Global Internet Governance - Actors, Regulations, Transactions and Strategies


The targeted GIG-ARTS project is expected to meet the following scientific, political and socio-economic objectives:

  1. Advance scientific research on global Internet governance actors, regulations, transactions and strategies. GIG-ARTS partners will explore theoretically and empirically these very timely and still unresolved issues, building on their current respective work and other state of the art research. Research questions will be mainly framed, with a multidisciplinary approach, along the following two wide sets of issues:
    - Newly emerging or little explored actors (such as: Intergovernmental organisations; the so-called technical community; regulating agencies, arbitration tribunals and justice courts); their roles in global Internet governance processes and their institutionalization, their strategies and interactions with each other and with better known actors (governments, civil society, business sector), their own internal transformations through their participation to global Internet governance processes, etc.
    - New forms, modes, procedures and substance of regulations and the mechanisms implementing them; their compliance (or lack thereof) with good governance values, democracy, human rights and the rule of law; Do they lead to the redefinition of these values, and if so, following which processes and producing which results. Technical artefacts, beyond architectures and protocols - e.g. datafication processes, predictive algorithms, and Internet platforms – will be especially examined as increasingly important governance means and processes. The question whether, in which way and to which extent they modify all possible kinds of transactions (legal, political, economic, social…) will be particularly explored, leading to analyse whether - and if so, how - they need to be themselves regulated.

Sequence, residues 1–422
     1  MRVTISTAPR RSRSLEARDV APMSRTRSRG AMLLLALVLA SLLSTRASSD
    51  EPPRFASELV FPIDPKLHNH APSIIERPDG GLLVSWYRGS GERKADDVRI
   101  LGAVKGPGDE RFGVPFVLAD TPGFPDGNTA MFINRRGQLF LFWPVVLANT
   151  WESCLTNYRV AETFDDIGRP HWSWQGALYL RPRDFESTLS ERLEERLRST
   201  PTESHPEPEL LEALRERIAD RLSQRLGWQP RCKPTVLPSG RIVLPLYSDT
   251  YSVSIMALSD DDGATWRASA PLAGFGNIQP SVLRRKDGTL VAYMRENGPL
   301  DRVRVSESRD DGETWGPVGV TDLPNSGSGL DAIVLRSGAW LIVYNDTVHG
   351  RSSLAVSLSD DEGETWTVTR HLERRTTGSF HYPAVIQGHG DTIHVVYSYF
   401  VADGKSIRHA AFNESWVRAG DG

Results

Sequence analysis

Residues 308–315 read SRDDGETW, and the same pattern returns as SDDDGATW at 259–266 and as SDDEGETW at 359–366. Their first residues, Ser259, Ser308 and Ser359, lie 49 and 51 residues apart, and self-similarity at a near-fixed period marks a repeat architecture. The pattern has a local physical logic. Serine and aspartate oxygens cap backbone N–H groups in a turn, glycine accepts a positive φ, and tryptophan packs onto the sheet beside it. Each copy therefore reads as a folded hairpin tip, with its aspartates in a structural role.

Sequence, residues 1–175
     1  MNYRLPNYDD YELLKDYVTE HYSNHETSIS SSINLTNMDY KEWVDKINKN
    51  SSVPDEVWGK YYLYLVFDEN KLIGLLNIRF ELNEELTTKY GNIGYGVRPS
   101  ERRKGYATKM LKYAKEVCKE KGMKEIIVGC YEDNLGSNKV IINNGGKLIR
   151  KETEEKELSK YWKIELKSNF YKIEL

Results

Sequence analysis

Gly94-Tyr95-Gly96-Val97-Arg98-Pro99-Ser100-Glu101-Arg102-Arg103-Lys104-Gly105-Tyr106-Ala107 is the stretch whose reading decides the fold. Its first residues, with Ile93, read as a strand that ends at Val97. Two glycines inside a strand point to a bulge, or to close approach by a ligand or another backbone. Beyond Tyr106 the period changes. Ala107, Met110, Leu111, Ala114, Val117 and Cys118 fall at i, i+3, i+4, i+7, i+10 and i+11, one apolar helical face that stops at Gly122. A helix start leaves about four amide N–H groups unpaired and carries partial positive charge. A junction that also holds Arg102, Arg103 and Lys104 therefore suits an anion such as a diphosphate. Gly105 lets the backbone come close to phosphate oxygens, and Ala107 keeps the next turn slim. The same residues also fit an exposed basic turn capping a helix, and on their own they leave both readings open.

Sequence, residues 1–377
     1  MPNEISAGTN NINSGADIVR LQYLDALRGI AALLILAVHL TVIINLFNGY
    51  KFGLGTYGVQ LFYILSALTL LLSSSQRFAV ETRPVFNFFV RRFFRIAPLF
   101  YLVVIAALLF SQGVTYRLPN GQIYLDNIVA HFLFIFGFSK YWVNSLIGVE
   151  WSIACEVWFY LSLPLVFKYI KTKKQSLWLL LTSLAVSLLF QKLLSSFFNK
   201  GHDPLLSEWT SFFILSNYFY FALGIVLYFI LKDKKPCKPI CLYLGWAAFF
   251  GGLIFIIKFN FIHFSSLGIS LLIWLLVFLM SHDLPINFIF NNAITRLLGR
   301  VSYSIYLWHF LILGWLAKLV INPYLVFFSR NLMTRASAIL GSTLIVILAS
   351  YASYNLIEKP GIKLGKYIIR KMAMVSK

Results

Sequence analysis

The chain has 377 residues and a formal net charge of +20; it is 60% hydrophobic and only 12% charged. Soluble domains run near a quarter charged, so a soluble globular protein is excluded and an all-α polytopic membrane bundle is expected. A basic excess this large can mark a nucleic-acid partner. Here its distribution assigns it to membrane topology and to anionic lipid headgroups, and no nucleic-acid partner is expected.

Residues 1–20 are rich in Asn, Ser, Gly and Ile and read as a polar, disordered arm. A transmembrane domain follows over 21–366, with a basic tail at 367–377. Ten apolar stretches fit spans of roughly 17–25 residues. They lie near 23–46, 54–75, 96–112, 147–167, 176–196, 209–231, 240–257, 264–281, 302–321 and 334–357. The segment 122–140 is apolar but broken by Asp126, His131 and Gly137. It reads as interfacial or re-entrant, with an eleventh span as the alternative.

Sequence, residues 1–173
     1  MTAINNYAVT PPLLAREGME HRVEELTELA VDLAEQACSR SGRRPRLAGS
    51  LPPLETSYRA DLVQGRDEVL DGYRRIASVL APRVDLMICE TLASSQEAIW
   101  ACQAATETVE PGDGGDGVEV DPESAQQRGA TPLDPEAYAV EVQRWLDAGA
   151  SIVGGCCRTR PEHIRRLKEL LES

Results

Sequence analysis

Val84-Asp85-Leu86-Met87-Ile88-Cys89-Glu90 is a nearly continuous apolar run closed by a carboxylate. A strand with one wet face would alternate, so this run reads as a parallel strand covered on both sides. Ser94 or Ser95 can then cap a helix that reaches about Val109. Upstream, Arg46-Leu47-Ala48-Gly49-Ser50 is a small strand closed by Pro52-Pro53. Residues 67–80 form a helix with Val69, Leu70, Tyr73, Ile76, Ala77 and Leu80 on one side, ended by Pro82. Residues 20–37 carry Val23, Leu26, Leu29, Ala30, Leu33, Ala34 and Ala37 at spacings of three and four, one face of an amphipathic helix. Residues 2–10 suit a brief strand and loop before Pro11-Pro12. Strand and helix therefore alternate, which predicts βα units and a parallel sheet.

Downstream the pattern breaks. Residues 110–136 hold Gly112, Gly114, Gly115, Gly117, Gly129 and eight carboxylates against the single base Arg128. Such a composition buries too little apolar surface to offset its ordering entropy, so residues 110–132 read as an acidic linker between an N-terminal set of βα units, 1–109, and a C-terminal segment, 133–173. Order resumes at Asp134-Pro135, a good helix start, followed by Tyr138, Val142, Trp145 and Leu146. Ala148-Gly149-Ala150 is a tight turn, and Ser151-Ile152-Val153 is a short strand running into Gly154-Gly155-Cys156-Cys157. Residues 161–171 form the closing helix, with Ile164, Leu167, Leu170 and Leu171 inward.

2. Address a major development in the global economy and our societies, that of their so-called “Uberisation”. As a matter of fact, some countries (e.g. France) are already defining regulation policies in the field. At the European level, the Commission ran from 24 September 2015 to 6 January 2016 a public consultation on Online platforms, cloud & data, liability of intermediaries, collaborative economy. As this might well impact future European discussions of the revision of current EU legislation, the development of the targeted project will help informing debates and proposing relevant policy recommendations.
  3. Anchor and disseminate a vision of global Internet governance that is rooted in European values, while the field has been for long dominated by US interests, especially that of private sector Internet giants; Such values include: sustainability, participatory governance, openness and transparency in policies and markets, the respect of human rights, social justice and social cohesion, as well as democracy and the rule of law.
  4. Address countries in the European neighbourhood, some of them (East and South) being in transition, as a particular dissemination target. Many of these countries, including those in discussion for or aiming at an EU accession or an EU partnership status, still have to define Internet-related legislations and regulations, while decision makers blatantly lack information on what is at stake and while no real public debate is taking place in society because of the lack of competence or even awareness in the field.
  5. Provide resources and support means for science diplomacy, when global Internet governance discussions are not anymore confined to dedicated and mostly technical arenas, but are rather addressed, regionally or globally, in all major political settings and by all major intergovernmental organisations.
  6. Foster the enlargement and diversification of the Global Internet Governance academic community, open more opportunities to young scholars, and eventually provide this scholarly community the visibility it deserves.
  7. Increase knowledge sharing, both among the scholarly community and beyond the academic circles to other stakeholders, by defining mechanisms and providing a useful set of open-access resources.